Projects including shadow theatre, arts publications, choirs and clay workshops are among 18 projects in the latest arts grant round from Sunshine Coast Council, announced Executive Director of Community Services, Coralie Nichols.
“In this round of funding from the Regional Arts Development Fund (RADF), a partnership between the Queensland Government and regional councils, we will see a range of high quality cultural projects totalling $85,117,” she said.
Some of the recommended projects include:
- The Suncoast Clayworkers Association Inc received funding for a series of workshops to be facilitated by Chinese master ceramic artist, Jackson Li.
- Buderim Male Choir received support to research local libraries, historical societies, newspaper archives, music, legends, poetry and prose for material to be used developing a Cantata for a four part mixed choir and orchestra.
- Hamish Sewell received funding to produce The Blacksmith’s Song, a creative montage on artist Steve Weis and his sound garden in Kin Kin.
- Florence Teillet received funding to produce Out of the Shadow a celebration of cultural personal and community stories via the medium of storytelling, shadow theatre and music.
- Peter Rowe received support to develop a book concept, Josh Goes to the Library. Peter, who has Down syndrome, will work with a graphic designer to transcribe his story and line drawings into colours, backgrounds and a book layout ready for print. This is a truly innovative and uniquely collaborative arts project.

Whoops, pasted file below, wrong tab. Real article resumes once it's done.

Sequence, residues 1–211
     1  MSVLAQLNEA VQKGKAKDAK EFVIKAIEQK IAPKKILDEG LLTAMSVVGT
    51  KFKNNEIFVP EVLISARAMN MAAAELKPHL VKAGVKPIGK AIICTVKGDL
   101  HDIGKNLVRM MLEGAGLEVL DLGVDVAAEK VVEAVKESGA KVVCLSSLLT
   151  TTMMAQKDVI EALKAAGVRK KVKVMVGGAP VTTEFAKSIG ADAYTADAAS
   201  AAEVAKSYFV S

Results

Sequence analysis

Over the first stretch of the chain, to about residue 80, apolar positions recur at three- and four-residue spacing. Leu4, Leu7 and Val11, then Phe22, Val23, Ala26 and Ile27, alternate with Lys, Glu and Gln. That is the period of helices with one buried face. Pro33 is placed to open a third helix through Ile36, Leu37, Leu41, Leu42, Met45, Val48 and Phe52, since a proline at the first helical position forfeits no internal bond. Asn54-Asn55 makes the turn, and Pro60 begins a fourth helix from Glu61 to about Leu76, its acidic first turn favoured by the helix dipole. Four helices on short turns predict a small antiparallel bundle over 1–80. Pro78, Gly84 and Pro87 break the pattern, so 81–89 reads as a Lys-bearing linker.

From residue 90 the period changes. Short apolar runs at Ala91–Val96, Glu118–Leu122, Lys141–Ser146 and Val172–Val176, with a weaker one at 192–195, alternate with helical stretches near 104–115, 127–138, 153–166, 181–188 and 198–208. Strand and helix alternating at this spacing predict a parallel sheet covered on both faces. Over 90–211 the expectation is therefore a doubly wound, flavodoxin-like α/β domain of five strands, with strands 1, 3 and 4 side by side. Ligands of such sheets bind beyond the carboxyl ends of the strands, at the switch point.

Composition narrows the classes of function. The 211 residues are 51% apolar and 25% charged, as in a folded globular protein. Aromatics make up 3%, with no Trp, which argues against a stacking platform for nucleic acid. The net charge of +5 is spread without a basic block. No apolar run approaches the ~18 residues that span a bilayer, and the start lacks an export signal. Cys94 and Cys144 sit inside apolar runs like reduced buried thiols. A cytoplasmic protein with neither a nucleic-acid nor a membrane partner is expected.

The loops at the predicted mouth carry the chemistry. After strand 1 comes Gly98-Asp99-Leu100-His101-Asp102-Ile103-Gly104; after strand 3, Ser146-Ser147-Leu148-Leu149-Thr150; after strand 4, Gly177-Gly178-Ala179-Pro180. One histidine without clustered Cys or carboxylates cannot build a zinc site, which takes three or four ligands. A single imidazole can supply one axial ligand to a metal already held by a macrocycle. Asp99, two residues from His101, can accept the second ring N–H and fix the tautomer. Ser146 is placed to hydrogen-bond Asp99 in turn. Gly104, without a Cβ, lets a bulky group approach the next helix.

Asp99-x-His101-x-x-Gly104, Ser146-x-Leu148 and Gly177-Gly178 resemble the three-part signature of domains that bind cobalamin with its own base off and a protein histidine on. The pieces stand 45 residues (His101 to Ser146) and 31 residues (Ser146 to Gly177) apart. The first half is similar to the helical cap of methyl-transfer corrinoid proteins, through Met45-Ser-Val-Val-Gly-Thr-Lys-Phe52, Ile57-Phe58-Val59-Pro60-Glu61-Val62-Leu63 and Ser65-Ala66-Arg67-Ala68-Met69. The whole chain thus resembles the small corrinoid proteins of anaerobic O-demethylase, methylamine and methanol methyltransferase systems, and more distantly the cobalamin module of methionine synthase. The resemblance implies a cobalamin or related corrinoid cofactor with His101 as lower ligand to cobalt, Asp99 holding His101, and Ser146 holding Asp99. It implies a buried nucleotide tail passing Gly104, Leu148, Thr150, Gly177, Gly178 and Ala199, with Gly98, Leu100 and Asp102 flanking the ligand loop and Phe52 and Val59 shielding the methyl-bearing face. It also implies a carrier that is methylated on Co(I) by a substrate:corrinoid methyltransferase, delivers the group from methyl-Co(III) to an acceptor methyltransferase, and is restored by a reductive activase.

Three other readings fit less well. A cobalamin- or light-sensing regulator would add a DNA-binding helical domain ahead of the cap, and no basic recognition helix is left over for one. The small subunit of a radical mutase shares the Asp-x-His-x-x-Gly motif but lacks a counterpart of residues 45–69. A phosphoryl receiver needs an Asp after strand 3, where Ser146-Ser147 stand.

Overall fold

- Three ‘Green Art’ projects received funding, including a publication called ‘Weave Heal Connected…to our local ecology’. Rene Bahloo will research and plan this publication about the ecological and cultural knowledge of native and exotic weaving and dye plants found in gardens on the Sunshine Coast.
Arts Minister Ros Bates said RADF is Australia’s only locally-delivered regional arts grants program.
“In 2011-2012, the Queensland Government allocation to RADF is $2.047 million, with another $1.5 million from 55 Queensland councils. This means more than $3.5 million is available for arts projects across the state,” Ms Bates said.
From its beginnings in 1991, RADF now supports more than 3,000 arts and cultural projects each year in communities across Queensland.
The Regional Arts Development Fund is a partnership between Sunshine Coast Council and the Queensland Government through Arts Queensland to support local arts and culture.
The successful and long-running RADF program gives communities the flexibility to shape their own arts and cultural priorities.
For more information on RADF go to www.sunshinecoast.qld.gov.au/grants.